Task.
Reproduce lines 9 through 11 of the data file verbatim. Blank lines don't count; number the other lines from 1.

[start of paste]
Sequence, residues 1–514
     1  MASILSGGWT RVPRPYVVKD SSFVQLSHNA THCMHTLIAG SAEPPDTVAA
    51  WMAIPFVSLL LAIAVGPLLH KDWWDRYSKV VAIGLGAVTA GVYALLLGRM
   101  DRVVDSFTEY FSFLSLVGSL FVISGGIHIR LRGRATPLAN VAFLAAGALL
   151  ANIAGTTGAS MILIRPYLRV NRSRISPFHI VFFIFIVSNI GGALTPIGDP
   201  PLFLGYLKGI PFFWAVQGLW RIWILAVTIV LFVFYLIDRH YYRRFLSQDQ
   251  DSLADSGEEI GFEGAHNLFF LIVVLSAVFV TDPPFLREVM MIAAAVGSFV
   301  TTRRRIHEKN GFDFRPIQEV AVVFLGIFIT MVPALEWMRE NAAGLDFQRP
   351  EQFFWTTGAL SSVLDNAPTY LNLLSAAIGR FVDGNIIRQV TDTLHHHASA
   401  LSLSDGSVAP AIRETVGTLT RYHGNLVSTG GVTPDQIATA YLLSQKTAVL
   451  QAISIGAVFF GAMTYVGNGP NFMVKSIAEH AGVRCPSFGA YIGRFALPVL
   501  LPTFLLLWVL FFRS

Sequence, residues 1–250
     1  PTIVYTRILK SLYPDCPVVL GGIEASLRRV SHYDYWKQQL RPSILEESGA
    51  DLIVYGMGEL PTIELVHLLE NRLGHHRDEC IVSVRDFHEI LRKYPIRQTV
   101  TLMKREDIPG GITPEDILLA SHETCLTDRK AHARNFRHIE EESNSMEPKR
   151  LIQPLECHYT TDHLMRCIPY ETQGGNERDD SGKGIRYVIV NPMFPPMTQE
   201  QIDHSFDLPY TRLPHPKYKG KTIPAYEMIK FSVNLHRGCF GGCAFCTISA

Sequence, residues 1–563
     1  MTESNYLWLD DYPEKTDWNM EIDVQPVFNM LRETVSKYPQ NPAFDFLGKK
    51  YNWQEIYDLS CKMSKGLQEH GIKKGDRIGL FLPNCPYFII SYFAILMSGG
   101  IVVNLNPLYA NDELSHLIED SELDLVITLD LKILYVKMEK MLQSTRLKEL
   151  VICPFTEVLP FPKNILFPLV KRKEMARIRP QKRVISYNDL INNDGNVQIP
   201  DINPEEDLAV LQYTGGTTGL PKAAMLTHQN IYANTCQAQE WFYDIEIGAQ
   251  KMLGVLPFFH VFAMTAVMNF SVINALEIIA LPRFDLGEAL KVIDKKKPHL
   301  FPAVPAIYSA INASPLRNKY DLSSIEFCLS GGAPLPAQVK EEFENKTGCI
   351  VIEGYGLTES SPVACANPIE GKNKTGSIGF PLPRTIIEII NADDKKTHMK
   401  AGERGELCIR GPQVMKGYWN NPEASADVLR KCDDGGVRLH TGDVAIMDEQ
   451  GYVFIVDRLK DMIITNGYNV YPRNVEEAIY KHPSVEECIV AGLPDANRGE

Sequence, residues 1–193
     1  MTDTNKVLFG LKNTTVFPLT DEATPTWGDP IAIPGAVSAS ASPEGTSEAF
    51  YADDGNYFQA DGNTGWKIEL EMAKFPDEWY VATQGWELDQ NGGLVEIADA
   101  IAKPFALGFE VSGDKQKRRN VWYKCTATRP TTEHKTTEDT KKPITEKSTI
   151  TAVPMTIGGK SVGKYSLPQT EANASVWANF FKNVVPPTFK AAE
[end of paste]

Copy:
   351  EQFFWTTGAL SSVLDNAPTY LNLLSAAIGR FVDGNIIRQV TDTLHHHASA
   401  LSLSDGSVAP AIRETVGTLT RYHGNLVSTG GVTPDQIATA YLLSQKTAVL
   451  QAISIGAVFF GAMTYVGNGP NFMVKSIAEH AGVRCPSFGA YIGRFALPVL